Your universities are like our high schools" was the verdict of a group of Eastern European undergraduates when questioned about the state of British higher education. During our conversation, they offered a series of complaints - lack of intellectual stimulation, the low expectations that tutors have of their students, the feeling that they are being treated like schoolchildren, to name just a few. Since I am all too familiar with these issues, I was surprised only by the intensity of their response to their educational experience.
The one complaint that did catch me unaware was when a Polish psychology student noted in passing that "they even give you marks for just being there". When I inquired what she meant, she informed me that in her discipline, it was quite common for students to be given marks just for attending seminars. Since that conversation, I have discussed her claim with colleagues from different institutions and can confirm that rewarding timekeeping has become one of the new, opportunistic practices adopted in higher education.
Awarding marks for timekeeping or bribing students with extra grades to come to seminars has no academic or pedagogic merit. It is driven by the imperative of holding on to students who are otherwise quite indifferent to their "learning experience".
One of the dirty secrets of British higher education is that a significant minority of undergraduates are not particularly interested in their courses. Some of them simply do not want to be anywhere in the proximity of a lecture hall or seminar room. For others, it is like school - they go through the motions and just hang in there until they get their degree. And, of course, some of them simply switch off and drop out.
It is the fear of losing students that has led many universities to launch initiatives to improve student attendance at tutorials. These initiatives are modelled on the experience of secondary education and rely on a combination of compulsion and bribery techniques.
In some cases, the fact that academics are giving students marks for simply showing up is obscured by their presenting it as a reward for participation and not just for attendance. But many students know that although the course outline informs them that 10 per cent of their final grade is for attendance and participation, they will get all the marks just for showing up and keeping their eyes open. Some courses do not bother to pretend that participation is expected: "10 per cent of your final grade is based on seminar attendance" informs the module guide for the course Personality and Conceptual and Historical Issues in Psychology at one Midland university. A similar point is emphasised by the guide to an English literature course, Writing and Self, offered by a Scottish university. It notes that "ATTENDANCE at both seminars and lectures is COMPULSORY". There is compensation for students willing to walk the extra mile - "10 per cent of the marks for the course are awarded for seminar attendance". And students who decide to sleep in face a penalty - "deductions for absence will always be made unless your tutor has been given prior notice of an adequate reason".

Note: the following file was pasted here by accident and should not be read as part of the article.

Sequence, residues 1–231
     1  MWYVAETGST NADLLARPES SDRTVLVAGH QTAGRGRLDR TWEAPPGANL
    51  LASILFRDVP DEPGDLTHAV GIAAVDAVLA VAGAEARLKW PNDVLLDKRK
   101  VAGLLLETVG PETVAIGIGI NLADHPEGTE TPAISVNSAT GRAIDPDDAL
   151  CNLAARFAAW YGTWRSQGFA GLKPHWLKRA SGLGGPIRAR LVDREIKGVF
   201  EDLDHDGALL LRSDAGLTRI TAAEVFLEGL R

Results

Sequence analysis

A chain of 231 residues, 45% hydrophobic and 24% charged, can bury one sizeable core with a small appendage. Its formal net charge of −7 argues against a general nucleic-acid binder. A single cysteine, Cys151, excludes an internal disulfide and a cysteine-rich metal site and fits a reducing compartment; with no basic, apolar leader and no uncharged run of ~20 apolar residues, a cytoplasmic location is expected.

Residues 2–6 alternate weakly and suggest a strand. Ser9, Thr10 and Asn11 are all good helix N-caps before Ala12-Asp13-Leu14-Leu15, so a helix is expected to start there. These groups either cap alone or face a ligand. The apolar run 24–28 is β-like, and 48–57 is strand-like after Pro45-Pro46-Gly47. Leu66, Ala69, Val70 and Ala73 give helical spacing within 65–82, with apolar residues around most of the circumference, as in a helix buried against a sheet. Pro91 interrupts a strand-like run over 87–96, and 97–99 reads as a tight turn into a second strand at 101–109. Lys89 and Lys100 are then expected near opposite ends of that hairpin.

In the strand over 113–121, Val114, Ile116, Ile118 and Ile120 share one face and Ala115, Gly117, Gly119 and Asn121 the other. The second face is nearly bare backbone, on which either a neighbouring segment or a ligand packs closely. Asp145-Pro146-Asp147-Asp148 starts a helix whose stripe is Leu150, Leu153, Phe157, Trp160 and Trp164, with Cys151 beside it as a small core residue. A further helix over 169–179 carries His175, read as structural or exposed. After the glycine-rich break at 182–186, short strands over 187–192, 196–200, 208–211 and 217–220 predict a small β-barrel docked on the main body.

Serious creative energy has been devoted to devising schemes to reward timekeeping in higher education. At one London university, students taking the course Introduction to Creative Writing are told that they "will have the opportunity to achieve up to 11 bonus marks for seminar attendance and participation". This sounds like a fun way of playing the game. But there are clear rules that require students to clock on, and after each seminar they have to "complete, and submit to their seminar tutor, seminar response sheets".
Some course modules use penalties to enforce what they euphemistically characterise as "academic engagement" and threaten to deduct marks for non-attendance. Sadly, the engagement achieved through these gimmicks is anything but academic and threatens to turn seminar attendance into a caricature of itself.
The real problem with rewarding timekeeping is that it implicitly devalues the work and effort made by students who are genuinely interested in regarding the seminar room as a place of intellectual engagement rather than as a drop-in centre.
My Eastern European informants say that what irritates them more than anything else is when, in the middle of a seminar, they realise that it is only they and a couple of other people who have done the reading for the discussion. The attempt to accommodate the reluctant student through rewarding timekeeping does not benefit them. It reinforces casual and cynical attitudes towards academic work and threatens to turn the serious students off.